Interning in the US: Pursuing a Fitness Internship Abroad

Internships are invaluable. International internships? Priceless! Read on for an inside look on Martin's international fitness internship.

Internship experience is practically invaluable on a CV or résumé. And in our increasingly globalized world, internship experience abroad is especially helpful. But the process can be intimidating, especially if you’re unsure what effect the internship will have on your studies (or wallet).

Meet Martin O’Hagan, a student at St. Louis Community School, a community college in Kiltimagh, County Mayo, Ireland. Martin had the opportunity to complete an internship in Boston, which spurred his decision to study Sports and Recreation at home in Ireland. Here’s how he got there, from discovering his passion to finding the perfect internship to enrolling in college and studying fitness full time—plus his advice for others who want to intern abroad.

Discovering a new passion

It wasn’t until 2013 that Martin realized his passion for fitness. At the time, he was working in Boston and decided to take some classes at a boxing gym in South Boston. The classes were high intensity, high energy, and high appeal—he enjoyed the challenge and found a passion for the business.

When he returned to Ireland, Martin began to work on earning certifications and taking more fitness classes to broaden his horizons in the industry. At the same time, he was building his work experience in the field in Ireland.

Finding an internship in the US

Before furthering his studies, Martin decided he wanted to better understand the fitness industry. He chose to intern in the United States to get a broader understanding of sports performance from an international perspective.

“In Ireland, most gyms have a focus on group classes,” he explained. “You don’t see as much personal training as you do in the States. I wanted to learn more about how sports performance training is run in the US.”

After a short search, Martin found a listing for an internship at AMP Fitness. A few days later, he went in for an interview and left looking forward to starting his six-week internship with AMP in the fall.

Related: 7 Tips for Finding an Internship

Inside a fitness internship

Martin started each day at 6:00 am, arriving and immediately helping clients who came in at that time. His intern schedule was to come in Monday–Thursday from 6:00–11:30 am, have a break, and get right back to it from 3:00–8:00 pm.

A large part of his internship was job shadowing. Martin was able to observe classes and semi-private training sessions as well as the many moving parts that go into the business of running a fitness studio. Though he didn’t work directly with clients as a trainer, through his job shadowing, Martin was able to impart the knowledge he was gaining to clientele.

“I would follow trainers around and take lots of notes,” Martin said. “I took notes on how they would correct clients and ways they would help clients understand the movements.” If a trainer was busy assisting someone else, Martin might help a client correct a movement, but the main focus was learning. “There was a line, and I made sure I didn’t cross it.”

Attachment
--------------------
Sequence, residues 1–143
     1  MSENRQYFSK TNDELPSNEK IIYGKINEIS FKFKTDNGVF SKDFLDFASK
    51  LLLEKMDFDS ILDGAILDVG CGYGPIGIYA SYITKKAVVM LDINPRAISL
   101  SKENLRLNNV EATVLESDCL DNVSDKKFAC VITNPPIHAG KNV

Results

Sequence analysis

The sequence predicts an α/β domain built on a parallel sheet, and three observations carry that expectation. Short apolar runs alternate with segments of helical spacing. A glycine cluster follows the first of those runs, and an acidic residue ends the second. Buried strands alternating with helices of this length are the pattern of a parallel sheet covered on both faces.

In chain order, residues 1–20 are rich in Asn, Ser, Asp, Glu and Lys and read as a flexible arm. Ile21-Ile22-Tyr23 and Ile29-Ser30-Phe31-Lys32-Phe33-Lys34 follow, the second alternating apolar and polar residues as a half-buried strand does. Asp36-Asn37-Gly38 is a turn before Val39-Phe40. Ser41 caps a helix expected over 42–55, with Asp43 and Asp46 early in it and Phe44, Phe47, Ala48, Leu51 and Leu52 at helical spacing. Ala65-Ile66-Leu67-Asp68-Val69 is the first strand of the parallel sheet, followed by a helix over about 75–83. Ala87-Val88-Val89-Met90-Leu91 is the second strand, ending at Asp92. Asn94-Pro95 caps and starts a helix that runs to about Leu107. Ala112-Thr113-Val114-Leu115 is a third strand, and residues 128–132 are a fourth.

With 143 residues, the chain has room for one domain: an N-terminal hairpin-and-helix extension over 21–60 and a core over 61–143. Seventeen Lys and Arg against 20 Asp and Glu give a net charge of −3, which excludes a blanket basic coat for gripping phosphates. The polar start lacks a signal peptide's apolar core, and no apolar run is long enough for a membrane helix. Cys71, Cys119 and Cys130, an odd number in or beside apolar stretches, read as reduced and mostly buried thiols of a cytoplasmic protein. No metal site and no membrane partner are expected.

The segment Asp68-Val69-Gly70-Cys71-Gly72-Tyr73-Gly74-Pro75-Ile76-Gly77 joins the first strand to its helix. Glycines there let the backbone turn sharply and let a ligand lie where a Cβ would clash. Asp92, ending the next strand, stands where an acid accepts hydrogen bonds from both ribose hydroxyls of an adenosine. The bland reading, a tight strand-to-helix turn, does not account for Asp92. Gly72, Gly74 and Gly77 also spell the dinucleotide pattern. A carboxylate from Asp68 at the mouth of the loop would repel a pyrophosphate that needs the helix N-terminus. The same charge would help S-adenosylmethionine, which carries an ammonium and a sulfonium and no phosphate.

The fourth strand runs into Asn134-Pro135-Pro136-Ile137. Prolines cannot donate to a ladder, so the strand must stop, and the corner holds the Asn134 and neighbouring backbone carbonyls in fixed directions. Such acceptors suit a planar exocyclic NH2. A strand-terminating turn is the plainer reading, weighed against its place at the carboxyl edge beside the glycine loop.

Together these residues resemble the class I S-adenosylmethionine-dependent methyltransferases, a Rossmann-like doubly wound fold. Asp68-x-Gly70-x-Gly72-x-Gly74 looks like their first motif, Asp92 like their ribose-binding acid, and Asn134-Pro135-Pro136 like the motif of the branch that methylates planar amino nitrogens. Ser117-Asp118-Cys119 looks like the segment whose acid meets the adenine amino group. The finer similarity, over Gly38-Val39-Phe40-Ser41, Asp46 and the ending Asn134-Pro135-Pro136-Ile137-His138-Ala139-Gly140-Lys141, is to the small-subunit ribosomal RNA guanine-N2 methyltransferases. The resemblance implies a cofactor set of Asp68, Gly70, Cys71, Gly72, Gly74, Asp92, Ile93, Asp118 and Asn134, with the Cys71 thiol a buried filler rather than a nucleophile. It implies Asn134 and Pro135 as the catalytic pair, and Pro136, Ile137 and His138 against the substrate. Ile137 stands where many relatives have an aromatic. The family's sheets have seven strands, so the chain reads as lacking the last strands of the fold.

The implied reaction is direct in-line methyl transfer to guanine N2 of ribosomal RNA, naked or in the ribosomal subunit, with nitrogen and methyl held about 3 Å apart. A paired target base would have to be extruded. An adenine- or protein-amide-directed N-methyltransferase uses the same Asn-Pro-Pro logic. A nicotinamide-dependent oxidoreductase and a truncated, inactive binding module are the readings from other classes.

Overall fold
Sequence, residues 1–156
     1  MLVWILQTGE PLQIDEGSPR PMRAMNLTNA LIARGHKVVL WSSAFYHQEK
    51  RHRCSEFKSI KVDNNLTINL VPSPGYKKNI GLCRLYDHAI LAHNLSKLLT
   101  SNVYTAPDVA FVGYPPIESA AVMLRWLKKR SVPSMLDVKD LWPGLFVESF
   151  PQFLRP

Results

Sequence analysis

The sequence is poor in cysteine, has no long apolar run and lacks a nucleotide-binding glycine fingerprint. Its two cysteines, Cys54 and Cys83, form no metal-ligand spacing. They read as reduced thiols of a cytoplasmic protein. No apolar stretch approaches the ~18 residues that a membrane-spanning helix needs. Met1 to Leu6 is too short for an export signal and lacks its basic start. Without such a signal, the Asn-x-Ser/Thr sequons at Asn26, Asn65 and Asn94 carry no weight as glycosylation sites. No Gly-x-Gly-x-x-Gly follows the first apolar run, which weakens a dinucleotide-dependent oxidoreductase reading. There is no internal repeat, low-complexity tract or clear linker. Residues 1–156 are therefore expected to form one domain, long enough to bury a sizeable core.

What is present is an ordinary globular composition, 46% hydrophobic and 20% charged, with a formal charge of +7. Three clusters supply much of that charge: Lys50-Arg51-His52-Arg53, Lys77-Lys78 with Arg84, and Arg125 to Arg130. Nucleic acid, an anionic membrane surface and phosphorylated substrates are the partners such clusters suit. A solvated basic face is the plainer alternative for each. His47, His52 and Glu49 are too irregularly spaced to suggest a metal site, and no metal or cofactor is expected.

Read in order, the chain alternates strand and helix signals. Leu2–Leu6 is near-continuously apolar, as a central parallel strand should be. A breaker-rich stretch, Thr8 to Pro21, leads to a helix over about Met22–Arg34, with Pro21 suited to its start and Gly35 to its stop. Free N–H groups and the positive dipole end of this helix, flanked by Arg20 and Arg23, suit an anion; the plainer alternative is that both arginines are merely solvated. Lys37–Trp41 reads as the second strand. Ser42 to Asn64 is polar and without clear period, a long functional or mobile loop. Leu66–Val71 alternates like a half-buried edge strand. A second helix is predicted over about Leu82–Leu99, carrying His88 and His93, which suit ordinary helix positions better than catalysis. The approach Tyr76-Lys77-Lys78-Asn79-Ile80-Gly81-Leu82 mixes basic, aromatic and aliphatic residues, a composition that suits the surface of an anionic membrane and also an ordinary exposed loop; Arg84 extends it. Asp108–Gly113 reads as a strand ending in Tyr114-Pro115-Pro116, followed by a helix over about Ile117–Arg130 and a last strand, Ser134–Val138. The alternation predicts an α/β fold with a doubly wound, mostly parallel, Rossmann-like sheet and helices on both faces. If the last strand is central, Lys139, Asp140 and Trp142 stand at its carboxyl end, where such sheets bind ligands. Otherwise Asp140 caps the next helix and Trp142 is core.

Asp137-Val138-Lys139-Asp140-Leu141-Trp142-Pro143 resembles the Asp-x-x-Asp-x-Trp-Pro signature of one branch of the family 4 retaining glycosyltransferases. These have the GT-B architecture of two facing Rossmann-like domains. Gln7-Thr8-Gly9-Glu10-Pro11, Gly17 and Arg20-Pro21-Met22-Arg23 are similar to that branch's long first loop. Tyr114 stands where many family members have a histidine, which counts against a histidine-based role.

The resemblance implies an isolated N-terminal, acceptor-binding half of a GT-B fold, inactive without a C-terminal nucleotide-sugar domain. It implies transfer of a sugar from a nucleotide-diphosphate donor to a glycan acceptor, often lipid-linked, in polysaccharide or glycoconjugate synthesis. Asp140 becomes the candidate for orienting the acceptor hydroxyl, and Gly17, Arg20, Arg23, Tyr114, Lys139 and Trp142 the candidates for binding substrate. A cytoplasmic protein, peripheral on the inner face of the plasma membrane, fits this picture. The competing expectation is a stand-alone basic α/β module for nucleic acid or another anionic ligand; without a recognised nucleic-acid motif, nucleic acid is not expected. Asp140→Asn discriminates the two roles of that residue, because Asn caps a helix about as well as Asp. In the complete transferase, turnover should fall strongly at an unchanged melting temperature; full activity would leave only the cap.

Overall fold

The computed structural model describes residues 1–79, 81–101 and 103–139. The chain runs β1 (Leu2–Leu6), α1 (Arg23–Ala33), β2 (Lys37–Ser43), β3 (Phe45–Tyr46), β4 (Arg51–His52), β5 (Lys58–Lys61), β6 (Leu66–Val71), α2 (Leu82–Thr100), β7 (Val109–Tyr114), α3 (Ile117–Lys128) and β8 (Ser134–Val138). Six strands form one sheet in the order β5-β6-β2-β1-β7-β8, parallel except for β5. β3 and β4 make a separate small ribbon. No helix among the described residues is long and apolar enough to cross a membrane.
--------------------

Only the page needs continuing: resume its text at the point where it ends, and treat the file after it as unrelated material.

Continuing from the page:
When he wasn’t observing personal training practices, Martin would take part in group classes. Sometimes he would lead the class warm-up, while other times he would participate as part of the class to learn different techniques.

Related: What Are Internships Really Like?

Advice for interning abroad

Going to the States for internships is pretty popular for students studying fitness in Ireland, especially interning in Boston, according to Martin. While he was at AMP for only six weeks, there are plenty of opportunities for longer internships in the States.

However, many internships abroad tend to be unpaid. This can pose a hardship for students who can’t work an additional job to subsidize their living expenses. “I was lucky to have family in Boston,” Martin said. “But for people who don’t have that advantage, they need to have everything in place. They should build up a savings. If the savings won’t do, but they can get additional [paid] work, that makes a difference.”

Students should pay special attention to what visas they may need to apply for too. Note that if you’re a student with an F-1 visa, you can only work on campus for the first year, and there are further limitations for off-campus work after the first year. For more information on understanding your student visa, check with US Citizenship and Immigration Services directly.


After completing his US internship, Martin enrolled at the St. Louis Community School, continuing to work in fitness while earning his certification in Sports and Recreation. “I’m taking six modules—or courses, I guess—about three days a week,” he explained, “and I work the rest of the week.”

He’ll start work most days around 9:00 am—“late after starting so early at AMP!”—and teach different exercise classes. His long-term goals include working for the Connacht Rugby Academy and generally working more in sports training. Martin even expressed an interest in returning to the States to work in the sports performance industry based on his positive internship experience.

Want to learn more about internships in the States? Check out our Internships and Careers section!

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About Kara E. Joyce

Kara E. Joyce is an editor and writer who frequently contributes to CollegeXpress. When she isn’t hunched over editing material, you can find her powerlifting in the gym, pirouetting in a dance studio, or planning her next adventure.


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